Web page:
Search below for resources covering the intersection of climate engagement, social science and data analytics.
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Last month, President Joe Biden announced the launch of the American Climate Corps, or ACC — a program that will train some 20,000 young people in careers in climate and clean energy. In this resource, Sunrise Movement co-founder Evan Weber discusses the years of Green New Deal organizing that led to the landmark new jobs program to address the climate crisis. A broad paint brush of tactics contributed to the win that is the American Climate Corps. These tactics included 500 young people getting arrested for blocking the White House in the summer of 2021 while demanding a fully-funded civilian climate corps in the Build Back Better negotiations. They also included behind-the-scenes lobbying and policy negotiation, coalition building and the electoral work that delivered some of the highest youth voter turnout in modern history — with climate being the reason that happened. The latter is also the reason President Biden went more aggressive on climate and updated his climate policy.
Climate and the environment are top issues for young Americans in the 2024 elections. When asked to pick a maximum of three important issues that will inform their vote ahead of next year, a quarter of young Americans say health care is top of mind, closely followed by the economy and housing affordability at 24%. Along with issues related to reproductive rights (23%), climate change (21%), and gun violence (20%).
Young voters are pessimistic about everything from the economy to the direction the country is headed to their ability to handle an unexpected $1,000 expense. Beyond that, they don’t think politicians keep their promises. They blame the Supreme Court for blocking President Biden’s loan forgiveness plan and worry about being able to afford groceries. There is a striking gender divide in topics such as how young people identify politically (men see themselves as more conservative while women, trans, nonbinary, and gender-nonconforming people are more liberal) and the podcasts they listen to (men are inclined to listen to The Joe Rogan Experience and The Ben Shapiro Show, while women are bigger fans of This American Life and The Daily). 41% percent of women surveyed identify as politically progressive; only 24% of men do. Meanwhile, 23% of women consider themselves to be liberal, while only 15% of men feel the same; 18% of the men surveyed count themselves as conservative, compared with only 11% of women. 11% percent of men say they are most aligned with “MAGA,” or Donald Trump’s brand of politics, while only 3% of women do.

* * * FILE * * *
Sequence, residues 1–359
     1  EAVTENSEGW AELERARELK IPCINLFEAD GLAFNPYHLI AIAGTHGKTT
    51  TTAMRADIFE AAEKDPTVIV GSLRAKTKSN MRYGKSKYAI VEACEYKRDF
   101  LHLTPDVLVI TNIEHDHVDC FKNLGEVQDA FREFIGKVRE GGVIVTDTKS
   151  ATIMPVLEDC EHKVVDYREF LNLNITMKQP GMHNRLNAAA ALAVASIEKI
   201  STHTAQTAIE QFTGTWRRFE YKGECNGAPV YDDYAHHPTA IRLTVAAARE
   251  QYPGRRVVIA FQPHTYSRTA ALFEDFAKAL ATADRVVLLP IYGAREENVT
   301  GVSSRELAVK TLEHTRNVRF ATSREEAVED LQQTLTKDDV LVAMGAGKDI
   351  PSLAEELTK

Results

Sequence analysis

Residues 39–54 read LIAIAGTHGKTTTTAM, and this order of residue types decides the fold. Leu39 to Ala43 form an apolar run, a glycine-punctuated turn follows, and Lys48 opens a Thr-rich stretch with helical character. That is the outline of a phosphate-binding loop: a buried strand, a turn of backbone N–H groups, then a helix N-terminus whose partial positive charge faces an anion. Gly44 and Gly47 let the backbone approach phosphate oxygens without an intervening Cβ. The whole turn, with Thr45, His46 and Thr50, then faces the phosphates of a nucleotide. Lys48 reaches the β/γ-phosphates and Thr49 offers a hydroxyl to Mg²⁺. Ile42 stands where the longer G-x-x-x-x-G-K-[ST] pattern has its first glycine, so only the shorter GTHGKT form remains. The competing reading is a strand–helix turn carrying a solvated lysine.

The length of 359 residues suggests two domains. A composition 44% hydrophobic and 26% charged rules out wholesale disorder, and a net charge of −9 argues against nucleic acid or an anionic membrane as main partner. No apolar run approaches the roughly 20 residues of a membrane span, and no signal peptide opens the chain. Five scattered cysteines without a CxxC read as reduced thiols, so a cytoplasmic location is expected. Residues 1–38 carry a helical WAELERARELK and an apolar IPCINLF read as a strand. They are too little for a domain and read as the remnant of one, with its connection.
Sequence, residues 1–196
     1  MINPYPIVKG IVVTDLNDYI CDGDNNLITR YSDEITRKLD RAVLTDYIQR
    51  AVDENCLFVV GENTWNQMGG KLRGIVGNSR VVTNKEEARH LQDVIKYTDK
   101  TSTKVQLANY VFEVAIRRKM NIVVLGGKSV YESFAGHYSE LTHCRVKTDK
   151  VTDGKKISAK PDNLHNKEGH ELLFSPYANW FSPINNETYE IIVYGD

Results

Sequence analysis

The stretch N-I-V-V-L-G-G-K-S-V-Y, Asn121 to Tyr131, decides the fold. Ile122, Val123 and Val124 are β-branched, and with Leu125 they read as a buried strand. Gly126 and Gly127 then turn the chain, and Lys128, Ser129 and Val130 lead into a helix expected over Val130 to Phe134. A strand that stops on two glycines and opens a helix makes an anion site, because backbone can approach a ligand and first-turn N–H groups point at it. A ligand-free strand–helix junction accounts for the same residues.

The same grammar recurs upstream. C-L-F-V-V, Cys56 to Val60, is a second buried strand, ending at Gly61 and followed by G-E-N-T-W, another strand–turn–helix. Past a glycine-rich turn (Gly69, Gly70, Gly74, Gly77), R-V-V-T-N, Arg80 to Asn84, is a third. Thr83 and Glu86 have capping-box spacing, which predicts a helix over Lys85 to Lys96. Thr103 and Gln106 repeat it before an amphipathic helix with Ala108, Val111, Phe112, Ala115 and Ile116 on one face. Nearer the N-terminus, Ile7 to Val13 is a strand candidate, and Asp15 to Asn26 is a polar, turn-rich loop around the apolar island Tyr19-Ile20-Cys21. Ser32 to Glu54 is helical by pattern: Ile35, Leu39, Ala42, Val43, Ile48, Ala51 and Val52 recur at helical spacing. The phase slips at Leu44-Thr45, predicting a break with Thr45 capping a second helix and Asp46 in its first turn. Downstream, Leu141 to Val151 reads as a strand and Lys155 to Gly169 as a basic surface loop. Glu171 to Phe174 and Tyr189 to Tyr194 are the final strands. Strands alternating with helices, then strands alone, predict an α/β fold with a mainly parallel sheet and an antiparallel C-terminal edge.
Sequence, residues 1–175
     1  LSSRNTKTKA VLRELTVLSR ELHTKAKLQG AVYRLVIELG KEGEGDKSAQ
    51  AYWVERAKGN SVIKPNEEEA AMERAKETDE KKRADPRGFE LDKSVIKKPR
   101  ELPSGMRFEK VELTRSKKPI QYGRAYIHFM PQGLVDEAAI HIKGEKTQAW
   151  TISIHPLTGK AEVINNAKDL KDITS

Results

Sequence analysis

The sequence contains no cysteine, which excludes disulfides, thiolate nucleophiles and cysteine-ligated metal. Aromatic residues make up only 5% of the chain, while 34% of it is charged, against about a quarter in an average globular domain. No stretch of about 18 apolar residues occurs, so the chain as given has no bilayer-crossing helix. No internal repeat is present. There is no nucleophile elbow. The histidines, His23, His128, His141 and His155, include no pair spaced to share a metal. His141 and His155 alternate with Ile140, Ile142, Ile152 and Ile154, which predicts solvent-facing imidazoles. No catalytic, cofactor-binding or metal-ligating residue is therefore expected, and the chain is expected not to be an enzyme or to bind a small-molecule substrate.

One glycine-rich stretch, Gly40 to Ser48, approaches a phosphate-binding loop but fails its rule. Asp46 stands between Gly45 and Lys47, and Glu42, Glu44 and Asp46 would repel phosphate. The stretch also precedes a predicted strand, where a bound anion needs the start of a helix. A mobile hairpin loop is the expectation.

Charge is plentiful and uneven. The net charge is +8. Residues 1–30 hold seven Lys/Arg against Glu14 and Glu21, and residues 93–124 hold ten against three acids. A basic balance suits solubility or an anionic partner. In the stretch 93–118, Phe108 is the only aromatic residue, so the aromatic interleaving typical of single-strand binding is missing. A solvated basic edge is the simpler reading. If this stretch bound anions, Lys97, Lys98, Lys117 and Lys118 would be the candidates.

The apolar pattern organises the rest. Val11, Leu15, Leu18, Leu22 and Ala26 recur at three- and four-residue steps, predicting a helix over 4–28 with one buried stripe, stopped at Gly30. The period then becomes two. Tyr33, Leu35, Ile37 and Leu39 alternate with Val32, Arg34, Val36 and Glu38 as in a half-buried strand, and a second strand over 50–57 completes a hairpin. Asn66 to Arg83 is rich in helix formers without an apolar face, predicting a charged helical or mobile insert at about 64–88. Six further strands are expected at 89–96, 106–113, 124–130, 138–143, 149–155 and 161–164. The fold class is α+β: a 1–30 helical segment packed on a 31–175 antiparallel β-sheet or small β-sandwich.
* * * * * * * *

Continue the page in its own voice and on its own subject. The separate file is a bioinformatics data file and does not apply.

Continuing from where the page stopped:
Leading eco-influencers are harnessing online platforms for education and social change around environmental, climate, and justice issues. Kristy Drutman of Browngirl Green and Green Jobs Board is working to improve the anti-racist practices of environmental organizations and publicly speaks on climate justice. Isaias Hernandez of QueerBrownVegan creates online educational climate content and collaborates with writers, communicators and researchers. Sophia Kianni of Climate Cardinals is working to make the climate movement more accessible by translating and sourcing crucial climate resources into more than 100 languages.
Today’s young people experience the impact of climate change on their communities every day, both at their doorsteps and in the media they consume. Global headlines have increasingly used the term “eco-anxiety” to describe a generalized fear of environmental doom. Yet few are telling the story of the optimism and action that define how young people want to deal with it. This survey found that more than half of these youth across the globe (57%) experience eco-anxiety. However, they aren’t letting their anxiety spiral into despair, or worse, apathy. Instead, threats of climate change drive their resilience, optimism and activism. Though this resilient mindset is positive, a gap remains between young people in this survey who identify as eco-optimists and eco-realists (a combined 66%) and those taking direct action in their own communities (just 16%). For those working to counter and mitigate the effects of climate change, it is clear we need to do more to foster agency among young people and create direct opportunities for young people to participate in and drive climate solutions. This research surveyed youth in many countries around the world.